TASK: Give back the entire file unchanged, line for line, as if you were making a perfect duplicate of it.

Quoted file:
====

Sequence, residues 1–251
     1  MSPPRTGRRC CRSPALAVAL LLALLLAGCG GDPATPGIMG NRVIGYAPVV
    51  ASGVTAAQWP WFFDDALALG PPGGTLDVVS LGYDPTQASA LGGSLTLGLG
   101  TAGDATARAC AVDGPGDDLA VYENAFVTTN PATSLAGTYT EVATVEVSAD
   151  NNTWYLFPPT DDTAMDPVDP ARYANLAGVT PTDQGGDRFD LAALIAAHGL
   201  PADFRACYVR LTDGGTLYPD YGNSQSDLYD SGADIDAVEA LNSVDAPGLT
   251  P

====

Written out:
Sequence, residues 1–251
     1  MSPPRTGRRC CRSPALAVAL LLALLLAGCG GDPATPGIMG NRVIGYAPVV
    51  ASGVTAAQWP WFFDDALALG PPGGTLDVVS LGYDPTQASA LGGSLTLGLG
   101  TAGDATARAC AVDGPGDDLA VYENAFVTTN PATSLAGTYT EVATVEVSAD
   151  NNTWYLFPPT DDTAMDPVDP ARYANLAGVT PTDQGGDRFD LAALIAAHGL
   201  PADFRACYVR LTDGGTLYPD YGNSQSDLYD SGADIDAVEA LNSVDAPGLT
   251  P